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Open Access Publications from the University of California

Mineralogical and transport controls on the evolution of porous media texture using direct numerical simulation

  • Author(s): Molins, S;
  • Trebotich, D;
  • Miller, GH;
  • Steefel, CI
  • et al.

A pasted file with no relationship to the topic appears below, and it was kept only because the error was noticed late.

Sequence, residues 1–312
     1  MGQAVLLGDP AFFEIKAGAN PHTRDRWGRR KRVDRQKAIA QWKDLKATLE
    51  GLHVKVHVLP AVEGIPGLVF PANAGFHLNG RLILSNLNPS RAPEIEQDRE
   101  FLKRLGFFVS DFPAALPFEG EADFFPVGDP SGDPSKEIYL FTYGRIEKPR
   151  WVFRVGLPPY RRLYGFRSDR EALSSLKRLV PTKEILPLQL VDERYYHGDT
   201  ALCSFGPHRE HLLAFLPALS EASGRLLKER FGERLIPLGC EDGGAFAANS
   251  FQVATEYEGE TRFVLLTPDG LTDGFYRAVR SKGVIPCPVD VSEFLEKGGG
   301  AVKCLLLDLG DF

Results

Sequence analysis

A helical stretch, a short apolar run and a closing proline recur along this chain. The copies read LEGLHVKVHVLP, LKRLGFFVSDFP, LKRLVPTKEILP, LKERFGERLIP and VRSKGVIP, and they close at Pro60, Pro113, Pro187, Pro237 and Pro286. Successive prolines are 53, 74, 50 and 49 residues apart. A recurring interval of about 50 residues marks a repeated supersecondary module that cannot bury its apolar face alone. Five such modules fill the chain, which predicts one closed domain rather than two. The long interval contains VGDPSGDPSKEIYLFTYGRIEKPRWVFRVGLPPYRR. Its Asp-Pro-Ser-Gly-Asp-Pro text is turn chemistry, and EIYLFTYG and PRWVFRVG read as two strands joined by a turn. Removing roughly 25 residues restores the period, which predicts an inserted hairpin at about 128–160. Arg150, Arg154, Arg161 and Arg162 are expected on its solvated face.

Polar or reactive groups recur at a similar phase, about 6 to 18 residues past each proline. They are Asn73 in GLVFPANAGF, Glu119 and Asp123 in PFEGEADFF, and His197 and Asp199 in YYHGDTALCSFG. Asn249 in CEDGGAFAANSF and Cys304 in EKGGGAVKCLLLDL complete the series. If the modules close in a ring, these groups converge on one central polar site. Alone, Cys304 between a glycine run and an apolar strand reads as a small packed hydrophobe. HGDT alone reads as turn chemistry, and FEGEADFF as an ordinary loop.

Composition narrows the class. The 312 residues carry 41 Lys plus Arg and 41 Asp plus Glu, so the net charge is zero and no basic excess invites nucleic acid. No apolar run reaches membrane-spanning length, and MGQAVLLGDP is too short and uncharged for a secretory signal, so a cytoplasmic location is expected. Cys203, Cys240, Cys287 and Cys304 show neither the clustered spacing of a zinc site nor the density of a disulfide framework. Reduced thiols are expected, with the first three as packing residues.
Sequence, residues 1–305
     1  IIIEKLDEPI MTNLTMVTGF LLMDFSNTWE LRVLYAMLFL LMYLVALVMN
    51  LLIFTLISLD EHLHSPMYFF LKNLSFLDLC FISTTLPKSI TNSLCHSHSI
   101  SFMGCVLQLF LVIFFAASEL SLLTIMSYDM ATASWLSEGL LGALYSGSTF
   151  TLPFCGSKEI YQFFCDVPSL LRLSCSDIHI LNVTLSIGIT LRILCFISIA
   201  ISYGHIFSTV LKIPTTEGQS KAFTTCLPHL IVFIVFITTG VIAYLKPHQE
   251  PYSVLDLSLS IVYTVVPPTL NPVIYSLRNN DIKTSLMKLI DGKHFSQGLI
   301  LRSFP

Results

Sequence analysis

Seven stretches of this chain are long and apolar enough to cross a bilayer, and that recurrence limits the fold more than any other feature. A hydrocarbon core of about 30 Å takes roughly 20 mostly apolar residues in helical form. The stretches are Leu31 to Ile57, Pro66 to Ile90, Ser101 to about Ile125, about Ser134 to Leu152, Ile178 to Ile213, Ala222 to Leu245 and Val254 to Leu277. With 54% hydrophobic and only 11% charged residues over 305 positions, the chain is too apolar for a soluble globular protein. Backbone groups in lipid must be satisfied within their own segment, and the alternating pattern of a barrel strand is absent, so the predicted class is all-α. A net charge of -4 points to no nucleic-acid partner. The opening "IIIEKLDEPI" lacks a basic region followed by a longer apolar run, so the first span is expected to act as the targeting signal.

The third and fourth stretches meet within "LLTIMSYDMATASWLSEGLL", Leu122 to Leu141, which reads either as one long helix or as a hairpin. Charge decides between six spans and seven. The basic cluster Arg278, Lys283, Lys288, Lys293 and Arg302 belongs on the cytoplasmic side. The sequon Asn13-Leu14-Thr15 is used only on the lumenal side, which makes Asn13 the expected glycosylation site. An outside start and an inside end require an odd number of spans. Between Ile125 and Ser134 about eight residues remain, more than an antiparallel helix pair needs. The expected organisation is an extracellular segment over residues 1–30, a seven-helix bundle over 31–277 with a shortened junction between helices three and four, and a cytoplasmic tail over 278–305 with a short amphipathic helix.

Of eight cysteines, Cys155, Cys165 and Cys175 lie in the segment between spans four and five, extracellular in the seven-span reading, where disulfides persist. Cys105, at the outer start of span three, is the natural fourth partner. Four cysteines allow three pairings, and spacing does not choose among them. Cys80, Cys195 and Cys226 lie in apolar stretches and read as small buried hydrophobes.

The evolution of porous media due to mineral dissolution and precipitation can change the bulk properties of subsurface materials. The pore-scale structure of the media, including its physical and mineralogical heterogeneity, exerts controls on porous media evolution via transport limitations to reactive surfaces and mineral accessibility. Here we explore how these controls affect the evolution of the texture in porous media at the pore scale. For this purpose, a pore-scale flow and reactive transport model is developed that explicitly tracks mineral surfaces as they evolve using a direct numerical simulation approach. Simulations of dissolution in single-mineral domains provide insights into the transport controls at the pore scale, while the simulation of a fracture surface composed of bands of faster-dissolving calcite and slower-dissolving dolomite provides insights into the mineralogical controls on evolution. Transport-limited conditions at the grain-pack scale may result in unstable evolution, a situation in which dissolution is focused in a fast-flowing, fast-dissolving path. Due to increasing velocities, the evolution in these regions is like that observed under conditions closer to strict surface control at the pore scale. That is, grains evolve to have oblong shapes with their long dimensions aligning with the local flow directions. Another example of an evolving reactive transport regime that affects local rates is seen in the evolution of the fracture surface. As calcite dissolves, the diffusive length between the fracture flow path and the receding calcite surfaces increases. Thus, the calcite dissolution reaction becomes increasingly limited by diffusion.

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